Run tests, where possible, on user objective function and (optionally) gradient and hessian

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Description

hesschk checks a user-provided R function, ffn.

Usage

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   hesschk(xpar, ffn, ggr, hhess, trace=0, testtol=(.Machine$double.eps)^(1/3), ...)

Arguments

xpar

parameters to the user objective and gradient functions ffn and ggr

ffn

User-supplied objective function

ggr

User-supplied gradient function

hhess

User-supplied Hessian function

trace

set >0 to provide output from grchk to the console, 0 otherwise

testtol

tolerance for equality tests

...

optional arguments passed to the objective function.

Details

Package: hesschk
Depends: R (>= 2.6.1)
License: GPL Version 2.

numDeriv is used to compute a numerical approximation to the Hessian matrix. If there is no analytic gradient, then the hessian() function from numDeriv is applied to the user function ffn. Otherwise, the jacobian() function of numDeriv is applied to the ggr function so that only one level of differencing is used.

Value

The function returns a single object hessOK which is TRUE if the analytic Hessian code returns a Hessian matrix that is "close" to the numerical approximation obtained via numDeriv; FALSE otherwise.

hessOK is returned with the following attributes:

  • "nullhess"Set TRUE if the user does not supply a function to compute the Hessian.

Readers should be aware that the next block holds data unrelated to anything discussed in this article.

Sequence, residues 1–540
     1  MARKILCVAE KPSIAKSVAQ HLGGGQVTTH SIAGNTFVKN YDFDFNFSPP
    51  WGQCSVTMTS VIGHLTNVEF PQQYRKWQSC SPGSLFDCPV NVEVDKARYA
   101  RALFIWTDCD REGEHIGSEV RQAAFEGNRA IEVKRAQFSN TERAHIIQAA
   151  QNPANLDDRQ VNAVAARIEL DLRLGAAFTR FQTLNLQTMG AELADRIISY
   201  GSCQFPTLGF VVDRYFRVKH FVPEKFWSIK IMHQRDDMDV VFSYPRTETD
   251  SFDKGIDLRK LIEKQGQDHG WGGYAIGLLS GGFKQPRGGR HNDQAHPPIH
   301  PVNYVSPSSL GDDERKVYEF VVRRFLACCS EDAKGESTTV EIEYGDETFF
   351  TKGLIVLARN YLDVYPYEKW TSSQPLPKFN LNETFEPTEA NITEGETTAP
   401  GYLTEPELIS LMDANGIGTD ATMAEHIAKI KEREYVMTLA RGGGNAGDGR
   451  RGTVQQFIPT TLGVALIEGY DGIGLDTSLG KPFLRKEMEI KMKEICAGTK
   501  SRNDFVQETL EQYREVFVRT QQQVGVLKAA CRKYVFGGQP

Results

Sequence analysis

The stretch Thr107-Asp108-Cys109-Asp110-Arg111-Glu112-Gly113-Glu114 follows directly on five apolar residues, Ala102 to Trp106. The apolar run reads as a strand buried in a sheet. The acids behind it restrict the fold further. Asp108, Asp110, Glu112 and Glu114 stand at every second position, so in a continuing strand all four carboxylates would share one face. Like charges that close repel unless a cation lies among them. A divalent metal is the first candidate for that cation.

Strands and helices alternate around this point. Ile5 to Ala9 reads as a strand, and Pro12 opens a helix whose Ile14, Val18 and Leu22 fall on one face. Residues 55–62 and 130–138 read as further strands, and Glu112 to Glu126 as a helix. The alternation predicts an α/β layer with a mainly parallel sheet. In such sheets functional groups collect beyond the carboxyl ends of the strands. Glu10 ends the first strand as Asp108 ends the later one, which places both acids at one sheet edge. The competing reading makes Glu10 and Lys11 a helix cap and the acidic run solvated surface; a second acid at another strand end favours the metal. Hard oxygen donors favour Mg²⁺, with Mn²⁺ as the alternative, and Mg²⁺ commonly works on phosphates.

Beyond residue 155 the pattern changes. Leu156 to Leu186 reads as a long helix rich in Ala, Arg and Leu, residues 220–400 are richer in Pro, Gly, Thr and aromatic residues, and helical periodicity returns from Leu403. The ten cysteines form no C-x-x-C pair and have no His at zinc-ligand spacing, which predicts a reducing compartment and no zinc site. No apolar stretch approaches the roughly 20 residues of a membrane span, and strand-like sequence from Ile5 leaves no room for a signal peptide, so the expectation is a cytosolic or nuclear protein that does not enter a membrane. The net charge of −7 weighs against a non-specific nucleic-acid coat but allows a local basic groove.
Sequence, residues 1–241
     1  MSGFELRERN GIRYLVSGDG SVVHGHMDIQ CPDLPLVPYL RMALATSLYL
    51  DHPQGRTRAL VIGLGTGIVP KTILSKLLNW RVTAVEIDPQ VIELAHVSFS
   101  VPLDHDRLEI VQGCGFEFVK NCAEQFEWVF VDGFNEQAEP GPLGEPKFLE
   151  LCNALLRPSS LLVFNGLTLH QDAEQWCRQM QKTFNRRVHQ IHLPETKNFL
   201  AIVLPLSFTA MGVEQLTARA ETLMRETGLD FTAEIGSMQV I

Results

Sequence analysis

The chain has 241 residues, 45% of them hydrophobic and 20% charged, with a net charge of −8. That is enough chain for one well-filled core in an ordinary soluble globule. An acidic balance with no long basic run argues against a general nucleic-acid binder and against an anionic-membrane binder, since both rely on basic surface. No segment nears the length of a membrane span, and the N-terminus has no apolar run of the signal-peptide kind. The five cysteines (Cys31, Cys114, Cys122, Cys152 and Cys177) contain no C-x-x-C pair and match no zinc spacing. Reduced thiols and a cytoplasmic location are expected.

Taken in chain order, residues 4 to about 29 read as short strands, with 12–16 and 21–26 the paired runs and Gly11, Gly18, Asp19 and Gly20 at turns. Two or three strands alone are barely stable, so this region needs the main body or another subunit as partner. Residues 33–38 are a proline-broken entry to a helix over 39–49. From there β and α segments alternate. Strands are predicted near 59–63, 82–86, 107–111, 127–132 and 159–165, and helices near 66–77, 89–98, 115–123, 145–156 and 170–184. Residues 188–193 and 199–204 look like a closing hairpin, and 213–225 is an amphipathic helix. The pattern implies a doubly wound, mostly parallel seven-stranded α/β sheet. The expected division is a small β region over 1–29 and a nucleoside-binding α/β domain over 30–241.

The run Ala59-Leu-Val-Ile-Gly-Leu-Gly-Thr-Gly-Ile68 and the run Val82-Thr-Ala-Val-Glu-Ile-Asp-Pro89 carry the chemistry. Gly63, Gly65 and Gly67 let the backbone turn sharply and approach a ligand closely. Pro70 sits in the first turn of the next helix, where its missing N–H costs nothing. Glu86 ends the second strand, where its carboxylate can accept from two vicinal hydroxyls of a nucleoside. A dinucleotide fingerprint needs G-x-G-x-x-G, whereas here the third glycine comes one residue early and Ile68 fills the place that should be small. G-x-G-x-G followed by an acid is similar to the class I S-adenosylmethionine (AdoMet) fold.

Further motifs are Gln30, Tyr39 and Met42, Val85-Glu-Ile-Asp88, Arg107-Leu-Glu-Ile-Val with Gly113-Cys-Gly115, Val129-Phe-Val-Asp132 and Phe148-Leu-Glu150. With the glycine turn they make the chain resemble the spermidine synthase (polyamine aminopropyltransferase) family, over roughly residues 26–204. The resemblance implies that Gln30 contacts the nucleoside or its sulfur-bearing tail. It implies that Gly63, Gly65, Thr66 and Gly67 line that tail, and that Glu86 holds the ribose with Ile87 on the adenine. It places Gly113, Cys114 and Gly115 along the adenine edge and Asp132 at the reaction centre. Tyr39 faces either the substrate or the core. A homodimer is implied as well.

• "asym"Set TRUE if the Hessian does not satisfy symmetry conditions to within a tolerance. See the hesschk for details.

  • "ha"The analytic Hessian computed at paramters xpar using hhess.

  • "hn"The numerical approximation to the Hessian computed at paramters xpar.

  • "msg"A text comment on the outcome of the tests.

Author(s)

John C. Nash

Examples

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# genrose function code
genrose.f<- function(x, gs=NULL){ # objective function
## One generalization of the Rosenbrock banana valley function (n parameters)
	n <- length(x)
        if(is.null(gs)) { gs=100.0 }
	fval<-1.0 + sum (gs*(x[1:(n-1)]^2 - x[2:n])^2 + (x[2:n] - 1)^2)
        return(fval)
}

genrose.g <- function(x, gs=NULL){
# vectorized gradient for genrose.f
# Ravi Varadhan 2009-04-03
	n <- length(x)
        if(is.null(gs)) { gs=100.0 }
	gg <- as.vector(rep(0, n))
	tn <- 2:n
	tn1 <- tn - 1
	z1 <- x[tn] - x[tn1]^2
	z2 <- 1 - x[tn]
	gg[tn] <- 2 * (gs * z1 - z2)
	gg[tn1] <- gg[tn1] - 4 * gs * x[tn1] * z1
	return(gg)
}

genrose.h <- function(x, gs=NULL) { ## compute Hessian
   if(is.null(gs)) { gs=100.0 }
	n <- length(x)
	hh<-matrix(rep(0, n*n),n,n)
	for (i in 2:n) {
		z1<-x[i]-x[i-1]*x[i-1]
#		z2<-1.0-x[i]
                hh[i,i]<-hh[i,i]+2.0*(gs+1.0)
                hh[i-1,i-1]<-hh[i-1,i-1]-4.0*gs*z1-4.0*gs*x[i-1]*(-2.0*x[i-1])
                hh[i,i-1]<-hh[i,i-1]-4.0*gs*x[i-1]
                hh[i-1,i]<-hh[i-1,i]-4.0*gs*x[i-1]
	}
        return(hh)
}

trad<-c(-1.2,1)
ans100<-hesschk(trad, genrose.f, genrose.g, genrose.h, trace=1)
print(ans100)
ans10<-hesschk(trad, genrose.f, genrose.g, genrose.h, trace=1, gs=10)
print(ans10)